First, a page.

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What is “adulteration” and how do testers try to adulterate a drug test?

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What is “adulteration” and how do testers try to adulterate a drug test?

Written by Lucas Kibby

rapid urine drug testing vs lab urine testing

Adulteration is defined as purposefully tampering a specimen with the intent of altering the test results that are feared will be positive. Adulterants may cause “false negative” results by either interfering with the test and/or destroying the drug metabolites in the specimen.

In urine tests, the most common type of drug test method, dilution may be used to produce false negative drug test results. To help rule out deliberate adulteration, it is best to request “directly-observed” drug tests. All hair strand and oral fluid “saliva” drug tests are directly observed.

There are certain characteristics of urine that are easy to measure in order to determine adulteration such as temperature, specific gravity and pH.  Below are these common characteristics in urine drug tests that are regularly measured to test for cheating a drug test:


Temperature: Some adultered samples are way too cold or way to hot due to being “warmed up” with hand warmers or microwaves (which can cause urine sample to explode). All valid samples range from 90-100 degrees.

Creatinine: An amino acid contained in muscle tissue and found in urine. The lab may find a low creatinine lab value. There are two reasons for this. Either the person providing the sample diluted their urine by consuming excessive water just prior to testing, or water was added to the urine sample.

pH (Acidity): Subjects may also attempt to add certain enzymes to the urine sample to affect stability, but this often changes the pH, which is also tested. Normal pH levels should be in the range of 4.0 to 9.0.

Oxidants: Bleach, hydrogen peroxide and Pyridinium Chlorochromate (“UrineLuck”).

Specific Gravity (Dilution): Creatinine levels are often used in conjunction with specific gravity to determine if samples have been diluted. To help avoid this problem, the collection site or on-site collector may color the toilet water blue to prevent the sample being diluted with water from the toilet. Normal levels for specific gravity will range from 1.003 to 1.030.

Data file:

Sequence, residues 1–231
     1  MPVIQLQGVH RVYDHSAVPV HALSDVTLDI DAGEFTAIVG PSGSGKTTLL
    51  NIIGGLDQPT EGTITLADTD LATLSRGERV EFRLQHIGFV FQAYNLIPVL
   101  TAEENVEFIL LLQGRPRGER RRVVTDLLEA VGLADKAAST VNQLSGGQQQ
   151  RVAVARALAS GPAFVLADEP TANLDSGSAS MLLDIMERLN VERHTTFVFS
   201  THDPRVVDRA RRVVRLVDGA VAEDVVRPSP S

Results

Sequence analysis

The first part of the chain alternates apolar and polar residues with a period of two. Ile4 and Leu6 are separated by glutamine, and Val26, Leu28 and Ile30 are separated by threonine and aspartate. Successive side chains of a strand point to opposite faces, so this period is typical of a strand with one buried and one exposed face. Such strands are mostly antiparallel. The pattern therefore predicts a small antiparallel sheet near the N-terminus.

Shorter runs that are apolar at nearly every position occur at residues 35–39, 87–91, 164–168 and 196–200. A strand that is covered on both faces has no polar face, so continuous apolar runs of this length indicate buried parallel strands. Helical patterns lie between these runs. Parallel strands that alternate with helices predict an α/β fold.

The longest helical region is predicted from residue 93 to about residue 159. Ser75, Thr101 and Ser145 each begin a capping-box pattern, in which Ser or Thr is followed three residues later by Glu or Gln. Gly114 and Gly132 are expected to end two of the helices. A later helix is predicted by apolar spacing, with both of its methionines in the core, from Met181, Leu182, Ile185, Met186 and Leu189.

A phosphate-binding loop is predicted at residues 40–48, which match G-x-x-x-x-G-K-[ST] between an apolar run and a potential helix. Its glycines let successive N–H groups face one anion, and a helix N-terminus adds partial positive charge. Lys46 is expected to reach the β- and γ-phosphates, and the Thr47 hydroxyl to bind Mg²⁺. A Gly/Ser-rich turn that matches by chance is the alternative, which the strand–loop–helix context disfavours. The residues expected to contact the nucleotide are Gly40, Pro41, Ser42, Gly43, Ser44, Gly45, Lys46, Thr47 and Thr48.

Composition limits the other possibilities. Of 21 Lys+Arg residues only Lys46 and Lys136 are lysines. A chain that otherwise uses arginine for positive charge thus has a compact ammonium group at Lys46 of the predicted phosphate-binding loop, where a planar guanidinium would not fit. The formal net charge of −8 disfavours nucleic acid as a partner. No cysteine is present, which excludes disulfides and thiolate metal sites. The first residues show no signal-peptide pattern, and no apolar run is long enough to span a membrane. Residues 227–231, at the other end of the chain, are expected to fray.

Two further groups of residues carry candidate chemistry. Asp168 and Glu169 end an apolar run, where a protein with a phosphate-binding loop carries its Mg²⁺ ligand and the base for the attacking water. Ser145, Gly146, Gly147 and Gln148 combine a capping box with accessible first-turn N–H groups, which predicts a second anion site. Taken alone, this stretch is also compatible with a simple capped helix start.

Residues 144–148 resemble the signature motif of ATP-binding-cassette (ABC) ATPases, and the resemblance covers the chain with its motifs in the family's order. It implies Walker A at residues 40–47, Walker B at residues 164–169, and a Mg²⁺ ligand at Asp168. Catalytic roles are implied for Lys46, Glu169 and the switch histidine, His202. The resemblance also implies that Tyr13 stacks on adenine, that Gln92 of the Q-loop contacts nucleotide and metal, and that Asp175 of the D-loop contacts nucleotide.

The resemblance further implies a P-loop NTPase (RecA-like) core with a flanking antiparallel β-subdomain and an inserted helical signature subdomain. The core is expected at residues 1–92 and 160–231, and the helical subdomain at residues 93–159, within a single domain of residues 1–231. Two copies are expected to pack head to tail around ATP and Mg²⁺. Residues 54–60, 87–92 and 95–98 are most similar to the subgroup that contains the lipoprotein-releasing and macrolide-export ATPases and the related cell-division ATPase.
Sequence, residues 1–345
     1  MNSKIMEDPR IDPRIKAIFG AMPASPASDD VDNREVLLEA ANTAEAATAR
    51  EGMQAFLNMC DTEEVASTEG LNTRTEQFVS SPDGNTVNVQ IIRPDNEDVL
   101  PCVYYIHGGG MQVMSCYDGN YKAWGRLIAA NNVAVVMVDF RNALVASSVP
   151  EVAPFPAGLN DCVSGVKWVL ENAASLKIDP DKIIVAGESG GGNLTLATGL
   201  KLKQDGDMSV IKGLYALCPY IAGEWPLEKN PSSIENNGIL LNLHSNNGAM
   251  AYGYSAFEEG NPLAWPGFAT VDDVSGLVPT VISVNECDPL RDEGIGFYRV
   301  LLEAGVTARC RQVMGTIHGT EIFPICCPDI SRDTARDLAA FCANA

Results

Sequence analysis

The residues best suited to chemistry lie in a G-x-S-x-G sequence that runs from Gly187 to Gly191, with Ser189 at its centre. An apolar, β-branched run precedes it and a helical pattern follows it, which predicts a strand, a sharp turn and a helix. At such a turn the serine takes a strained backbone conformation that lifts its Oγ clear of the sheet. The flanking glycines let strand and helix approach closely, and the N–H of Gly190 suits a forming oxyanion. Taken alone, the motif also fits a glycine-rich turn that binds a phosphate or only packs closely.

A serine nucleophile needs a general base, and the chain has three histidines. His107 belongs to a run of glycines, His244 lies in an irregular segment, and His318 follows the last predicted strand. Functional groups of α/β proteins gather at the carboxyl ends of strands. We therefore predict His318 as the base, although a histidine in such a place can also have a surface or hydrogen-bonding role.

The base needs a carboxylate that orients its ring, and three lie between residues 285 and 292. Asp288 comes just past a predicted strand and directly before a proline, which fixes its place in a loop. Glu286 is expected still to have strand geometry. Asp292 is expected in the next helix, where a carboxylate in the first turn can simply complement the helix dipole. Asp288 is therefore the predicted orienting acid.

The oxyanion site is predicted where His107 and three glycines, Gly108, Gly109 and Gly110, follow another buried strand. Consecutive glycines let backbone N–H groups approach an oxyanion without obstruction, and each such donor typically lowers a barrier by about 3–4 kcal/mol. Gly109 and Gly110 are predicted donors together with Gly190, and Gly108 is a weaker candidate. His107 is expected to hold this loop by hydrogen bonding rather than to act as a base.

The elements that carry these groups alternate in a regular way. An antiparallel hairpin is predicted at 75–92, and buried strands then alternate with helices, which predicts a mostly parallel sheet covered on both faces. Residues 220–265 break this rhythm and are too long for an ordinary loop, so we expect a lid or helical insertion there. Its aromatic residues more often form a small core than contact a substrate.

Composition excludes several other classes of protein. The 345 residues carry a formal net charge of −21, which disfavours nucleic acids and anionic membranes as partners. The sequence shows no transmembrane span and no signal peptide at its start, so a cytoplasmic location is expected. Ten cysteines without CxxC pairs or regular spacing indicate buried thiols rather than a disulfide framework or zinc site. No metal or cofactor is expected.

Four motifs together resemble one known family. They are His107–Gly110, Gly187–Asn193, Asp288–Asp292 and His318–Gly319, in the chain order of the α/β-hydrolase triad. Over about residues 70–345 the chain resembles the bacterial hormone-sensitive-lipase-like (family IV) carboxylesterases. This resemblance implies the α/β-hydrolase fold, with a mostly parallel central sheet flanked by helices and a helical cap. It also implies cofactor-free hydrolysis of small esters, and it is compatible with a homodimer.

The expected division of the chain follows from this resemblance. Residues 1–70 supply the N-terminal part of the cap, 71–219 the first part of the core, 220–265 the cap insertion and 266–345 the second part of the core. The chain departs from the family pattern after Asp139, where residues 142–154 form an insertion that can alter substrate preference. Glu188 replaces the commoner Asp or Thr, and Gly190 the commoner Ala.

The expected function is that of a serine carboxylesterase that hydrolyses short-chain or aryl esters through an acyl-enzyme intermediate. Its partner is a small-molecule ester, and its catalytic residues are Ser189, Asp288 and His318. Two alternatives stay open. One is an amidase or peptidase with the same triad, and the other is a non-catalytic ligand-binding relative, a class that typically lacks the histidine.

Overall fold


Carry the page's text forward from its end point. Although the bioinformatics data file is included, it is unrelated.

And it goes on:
Nitrates: Tests for commonly used commercial adulterants such as “Klear” or “Whizzies.”

Glutaraldehyde: This adulterant may cause false-negative drug test results by disrupting the enzyme used in some immunoassay tests and not normally found in human urine.


Remember, in some labs, patients who receive a positive result may have the option to pay for an independent re-test of the urine sample that was originally submitted. A new urine sample is not allowed for the re-test as the drug in question may be out of the system by that time.

Do you have a company drug and alcohol policy yet? If so, when was the last time you reviewed your policy?

drug and alcohol policy review and developementThe policy needs to be clear on what the consequences are if an employee refuses to test, is caught cheating a test, or if the results come back positive. Knowing these consequences can help deter the inappropriate use of drugs and alcohol in the workplace.

CleanFleet can help you develop and review your company’s drug and alcohol policies. Call us today to arrange a consultation with our expert staff at 503-479-6082.

09 Nov, 17

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